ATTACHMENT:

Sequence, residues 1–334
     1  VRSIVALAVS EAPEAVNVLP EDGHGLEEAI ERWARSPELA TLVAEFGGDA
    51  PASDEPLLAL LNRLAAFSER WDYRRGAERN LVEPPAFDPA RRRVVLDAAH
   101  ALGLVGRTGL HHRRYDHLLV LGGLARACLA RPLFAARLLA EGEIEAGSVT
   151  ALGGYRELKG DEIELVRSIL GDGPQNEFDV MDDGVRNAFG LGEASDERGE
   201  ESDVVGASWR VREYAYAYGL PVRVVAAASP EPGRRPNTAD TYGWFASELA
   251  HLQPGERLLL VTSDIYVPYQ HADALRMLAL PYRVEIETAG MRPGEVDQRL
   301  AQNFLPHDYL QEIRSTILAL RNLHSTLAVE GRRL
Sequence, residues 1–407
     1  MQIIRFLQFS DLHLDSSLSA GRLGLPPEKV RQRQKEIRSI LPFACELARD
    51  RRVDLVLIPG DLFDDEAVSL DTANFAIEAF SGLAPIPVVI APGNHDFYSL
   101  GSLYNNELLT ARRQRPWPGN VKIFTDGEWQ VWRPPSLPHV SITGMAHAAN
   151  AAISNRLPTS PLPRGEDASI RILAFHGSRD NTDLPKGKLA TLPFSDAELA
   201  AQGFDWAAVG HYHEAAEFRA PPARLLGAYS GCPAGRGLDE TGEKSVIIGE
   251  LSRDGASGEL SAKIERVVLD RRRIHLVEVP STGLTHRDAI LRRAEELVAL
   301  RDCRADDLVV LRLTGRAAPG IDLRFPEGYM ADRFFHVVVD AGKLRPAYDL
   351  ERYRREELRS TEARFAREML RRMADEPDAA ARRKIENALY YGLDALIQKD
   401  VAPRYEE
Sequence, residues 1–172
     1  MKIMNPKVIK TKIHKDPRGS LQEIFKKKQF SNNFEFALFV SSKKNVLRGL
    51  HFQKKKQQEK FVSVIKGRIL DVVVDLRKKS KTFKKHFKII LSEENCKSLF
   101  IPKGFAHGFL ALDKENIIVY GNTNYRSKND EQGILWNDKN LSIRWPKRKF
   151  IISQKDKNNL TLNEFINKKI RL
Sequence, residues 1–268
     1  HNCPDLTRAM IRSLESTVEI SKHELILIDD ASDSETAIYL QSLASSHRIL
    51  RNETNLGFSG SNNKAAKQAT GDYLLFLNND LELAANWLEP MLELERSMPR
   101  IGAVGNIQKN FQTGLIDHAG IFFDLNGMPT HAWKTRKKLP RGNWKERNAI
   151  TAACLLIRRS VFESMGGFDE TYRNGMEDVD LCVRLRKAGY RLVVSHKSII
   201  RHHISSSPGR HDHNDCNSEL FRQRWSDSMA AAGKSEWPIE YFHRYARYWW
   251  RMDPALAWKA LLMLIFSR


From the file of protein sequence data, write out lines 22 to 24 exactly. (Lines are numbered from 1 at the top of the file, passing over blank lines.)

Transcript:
   101  IPKGFAHGFL ALDKENIIVY GNTNYRSKND EQGILWNDKN LSIRWPKRKF
   151  IISQKDKNNL TLNEFINKKI RL
Sequence, residues 1–268